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Rethinking Recycling


Reduce, Reuse, Recycle. Since the early 1970s that slogan has been used to bring awareness to increasing air pollution, water contamination, and unchecked waste. In many parts of the Lower 48, recycling is not just second nature, it’s expected. Instead of pushing one garbage bin the curb for pickup, residents line up their municipality-provided recycling bins with their contents meticulously separated into paper, plastic, glass, and “other.”

In Alaska, where less than 5 percent of the population recycles,

“Reduce, Reuse, Recycle” requires a fourth “R”: Rethink. The “re-thinking” is that it will benefit Alaska’s communities to take a new look at waste, whether that’s working to minimize the logistical challenges that stand in the way of moving, storing, or recycling waste appropriately or discovering new ways recycling can serve as an economic and environmental boon.

At its most basic, recycling is defined as converting waste products into new products: sounds simple. But Alaskans know that in the Last Frontier it’s rare that any endeavor is simple. Improving our recycling record will require Alaskan fortitude, creativity, and a strong desire to make a difference; and because those characteristics already exist throughout the state in each community, the foundation for change has already been laid.

Alaska is home to more than 200 municipal landfills and an additional 115 waste storage, treatment, or disposal facilities that support Alaska industries, including oil and gas, mining, timber, construction, fishing, and tourism, according to the State of Alaska’s Division of Environmental Health Solid Waste Program website. No matter the amount of space available, the need remains to keep recyclable materials out of Alaska’s landfills. The longer our landfills work for their communities, the better—not just because constructing a new landfill is costly but because in most cases, it’s not necessary: not if we rethink how we handle our “garbage.” For example, in a recent road project in Anchorage, glass waste was diverted from the landfill, crushed, and used as clean fill without any additional cost to the project. Everyone wins.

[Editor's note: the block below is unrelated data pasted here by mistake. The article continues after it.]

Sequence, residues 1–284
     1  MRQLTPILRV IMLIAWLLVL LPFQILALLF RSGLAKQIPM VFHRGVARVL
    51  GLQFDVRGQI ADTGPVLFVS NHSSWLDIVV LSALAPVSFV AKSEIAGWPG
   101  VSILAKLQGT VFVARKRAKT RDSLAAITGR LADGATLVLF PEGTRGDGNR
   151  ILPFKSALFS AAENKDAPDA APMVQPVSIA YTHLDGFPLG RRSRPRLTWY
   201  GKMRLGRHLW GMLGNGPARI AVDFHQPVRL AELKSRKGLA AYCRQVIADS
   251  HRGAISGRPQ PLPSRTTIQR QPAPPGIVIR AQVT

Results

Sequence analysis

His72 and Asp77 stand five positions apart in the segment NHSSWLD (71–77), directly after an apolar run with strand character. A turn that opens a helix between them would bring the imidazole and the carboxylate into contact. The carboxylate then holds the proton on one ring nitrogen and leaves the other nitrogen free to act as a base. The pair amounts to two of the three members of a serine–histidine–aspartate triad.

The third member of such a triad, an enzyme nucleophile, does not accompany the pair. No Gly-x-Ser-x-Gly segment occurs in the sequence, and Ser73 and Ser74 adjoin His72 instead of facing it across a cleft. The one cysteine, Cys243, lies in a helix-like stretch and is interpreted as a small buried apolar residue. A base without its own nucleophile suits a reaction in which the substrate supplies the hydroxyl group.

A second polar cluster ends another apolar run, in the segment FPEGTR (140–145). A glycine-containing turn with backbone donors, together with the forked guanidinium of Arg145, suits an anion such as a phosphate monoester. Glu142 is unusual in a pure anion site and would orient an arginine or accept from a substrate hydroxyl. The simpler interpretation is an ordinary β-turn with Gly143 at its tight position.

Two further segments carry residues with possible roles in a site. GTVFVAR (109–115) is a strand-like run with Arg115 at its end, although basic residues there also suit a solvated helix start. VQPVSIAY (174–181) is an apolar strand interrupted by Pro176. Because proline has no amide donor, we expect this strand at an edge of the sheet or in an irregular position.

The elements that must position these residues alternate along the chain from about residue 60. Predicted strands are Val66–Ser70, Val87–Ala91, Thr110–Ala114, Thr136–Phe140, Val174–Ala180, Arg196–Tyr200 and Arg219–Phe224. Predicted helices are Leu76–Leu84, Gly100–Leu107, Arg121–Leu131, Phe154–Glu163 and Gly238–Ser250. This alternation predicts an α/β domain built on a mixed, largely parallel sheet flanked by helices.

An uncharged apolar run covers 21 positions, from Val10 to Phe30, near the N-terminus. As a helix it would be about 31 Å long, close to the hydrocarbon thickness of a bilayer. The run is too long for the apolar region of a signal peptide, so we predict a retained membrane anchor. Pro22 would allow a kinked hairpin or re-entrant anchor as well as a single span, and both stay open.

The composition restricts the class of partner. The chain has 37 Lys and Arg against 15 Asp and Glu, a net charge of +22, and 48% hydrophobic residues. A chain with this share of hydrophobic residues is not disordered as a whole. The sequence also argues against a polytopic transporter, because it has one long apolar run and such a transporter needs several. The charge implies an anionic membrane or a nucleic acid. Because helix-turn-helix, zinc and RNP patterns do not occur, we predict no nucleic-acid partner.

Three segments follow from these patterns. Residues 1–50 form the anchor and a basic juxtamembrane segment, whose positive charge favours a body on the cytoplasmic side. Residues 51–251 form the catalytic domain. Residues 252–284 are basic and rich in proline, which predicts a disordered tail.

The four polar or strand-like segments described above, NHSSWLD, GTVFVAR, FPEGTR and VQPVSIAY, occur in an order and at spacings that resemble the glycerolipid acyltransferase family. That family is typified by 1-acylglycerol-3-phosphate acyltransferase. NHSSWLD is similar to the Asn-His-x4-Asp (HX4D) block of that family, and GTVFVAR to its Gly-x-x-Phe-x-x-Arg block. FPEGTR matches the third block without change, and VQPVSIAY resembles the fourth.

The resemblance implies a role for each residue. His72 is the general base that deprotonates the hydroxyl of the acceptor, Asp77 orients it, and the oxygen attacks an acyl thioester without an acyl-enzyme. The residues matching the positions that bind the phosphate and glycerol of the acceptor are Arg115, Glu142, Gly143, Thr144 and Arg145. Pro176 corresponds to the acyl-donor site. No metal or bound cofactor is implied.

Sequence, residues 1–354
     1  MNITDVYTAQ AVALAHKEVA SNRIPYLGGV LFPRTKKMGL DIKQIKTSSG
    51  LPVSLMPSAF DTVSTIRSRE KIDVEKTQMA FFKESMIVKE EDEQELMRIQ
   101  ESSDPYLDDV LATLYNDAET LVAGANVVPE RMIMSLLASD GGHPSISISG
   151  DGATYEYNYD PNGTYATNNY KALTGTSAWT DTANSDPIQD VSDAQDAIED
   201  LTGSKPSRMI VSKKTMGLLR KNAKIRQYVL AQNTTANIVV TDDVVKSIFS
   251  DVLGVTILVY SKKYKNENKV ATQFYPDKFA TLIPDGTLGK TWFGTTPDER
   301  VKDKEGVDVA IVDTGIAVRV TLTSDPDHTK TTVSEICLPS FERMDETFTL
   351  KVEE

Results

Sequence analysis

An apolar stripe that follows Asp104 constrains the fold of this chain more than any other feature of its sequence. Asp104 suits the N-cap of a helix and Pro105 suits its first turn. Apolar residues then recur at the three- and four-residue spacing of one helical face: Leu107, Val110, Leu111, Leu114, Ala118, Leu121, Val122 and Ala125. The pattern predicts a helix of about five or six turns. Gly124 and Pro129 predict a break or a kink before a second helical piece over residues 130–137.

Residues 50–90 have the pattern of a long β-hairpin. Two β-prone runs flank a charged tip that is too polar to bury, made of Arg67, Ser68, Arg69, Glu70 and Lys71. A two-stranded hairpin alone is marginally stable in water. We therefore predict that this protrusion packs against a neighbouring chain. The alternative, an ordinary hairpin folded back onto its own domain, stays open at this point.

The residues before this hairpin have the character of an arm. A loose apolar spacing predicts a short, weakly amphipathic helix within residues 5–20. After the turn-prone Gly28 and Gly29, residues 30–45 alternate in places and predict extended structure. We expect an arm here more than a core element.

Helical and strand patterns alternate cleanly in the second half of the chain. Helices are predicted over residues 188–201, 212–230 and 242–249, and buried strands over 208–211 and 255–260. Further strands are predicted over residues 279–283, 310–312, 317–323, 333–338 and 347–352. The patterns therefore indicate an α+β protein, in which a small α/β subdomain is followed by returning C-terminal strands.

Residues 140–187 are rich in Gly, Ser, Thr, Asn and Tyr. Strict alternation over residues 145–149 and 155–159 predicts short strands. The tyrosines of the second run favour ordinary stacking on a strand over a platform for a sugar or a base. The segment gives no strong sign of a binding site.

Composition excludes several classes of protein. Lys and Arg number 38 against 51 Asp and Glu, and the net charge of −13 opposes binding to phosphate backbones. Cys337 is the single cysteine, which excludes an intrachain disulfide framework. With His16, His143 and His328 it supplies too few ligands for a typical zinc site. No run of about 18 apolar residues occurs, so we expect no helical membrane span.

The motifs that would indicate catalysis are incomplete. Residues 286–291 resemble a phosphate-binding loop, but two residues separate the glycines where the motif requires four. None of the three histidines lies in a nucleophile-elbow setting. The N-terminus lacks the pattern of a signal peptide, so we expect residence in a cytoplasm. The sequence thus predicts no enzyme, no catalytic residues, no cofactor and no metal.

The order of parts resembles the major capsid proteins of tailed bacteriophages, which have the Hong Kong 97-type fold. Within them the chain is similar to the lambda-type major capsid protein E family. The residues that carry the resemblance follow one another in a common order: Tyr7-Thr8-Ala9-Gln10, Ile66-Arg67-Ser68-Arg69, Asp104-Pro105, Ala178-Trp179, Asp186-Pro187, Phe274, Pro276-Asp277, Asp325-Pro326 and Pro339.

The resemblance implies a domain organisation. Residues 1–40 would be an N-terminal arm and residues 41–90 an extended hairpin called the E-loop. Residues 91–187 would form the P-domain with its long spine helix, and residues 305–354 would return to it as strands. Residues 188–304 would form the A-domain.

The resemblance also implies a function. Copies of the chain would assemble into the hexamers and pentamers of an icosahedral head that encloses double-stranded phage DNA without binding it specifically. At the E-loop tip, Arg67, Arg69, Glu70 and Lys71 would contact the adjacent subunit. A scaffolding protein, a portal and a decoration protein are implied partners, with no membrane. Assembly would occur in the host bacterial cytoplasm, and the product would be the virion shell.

Much like recycling waste, Alaska’s residents are also focused on recycling and rethinking how they create and use energy. Communities statewide are realizing the benefits of turning glass, metal, and paper into reusable materials and finding renewable sources of energy. Especially in the state’s most rural areas, such as the small Alaska Native community of Hughes. Locals are taking advantage of energy resources including biomass fuel, which uses organic materials (in this case wood) as a renewable and sustainable source of energy to produce electricity. Hughes is also a prime example of hybrid energy at work. The community of no more than ninety people uses a mix of biomass, solar, and diesel to power and heat its homes, school, church, and tribal offices. (Quick note: Look for a feature story on touring Hughes in our September issue).

In this issue we look at how rural villages across the state are rethinking how to reuse, recycle, and reduce waste. We also examine renewable and hybrid energy sources and offer up examples of how alternative energy is making an economic difference in Alaska’s communities. While oil is and will remain the backbone of Alaska’s economy and a primary source of fuel and energy production, the state’s energy needs are growing, making room for diversified energy sources such as wind turbines, solar panels, and biomass boilers, all of which can help reduce energy costs in communities that badly need a break from the high cost of... everything.

In addition to our Environmental Services and Energy & Power Special Sections, the August issue features a special guest column on the state of housing in Anchorage, the final entry of an exceptional, three-part series on Alaska’s burgeoning graphic design industry, and how Alaska became a premier travel destination for Chinese tourists.


This article first appeared in the August 2017 print edition of Alaska Business.

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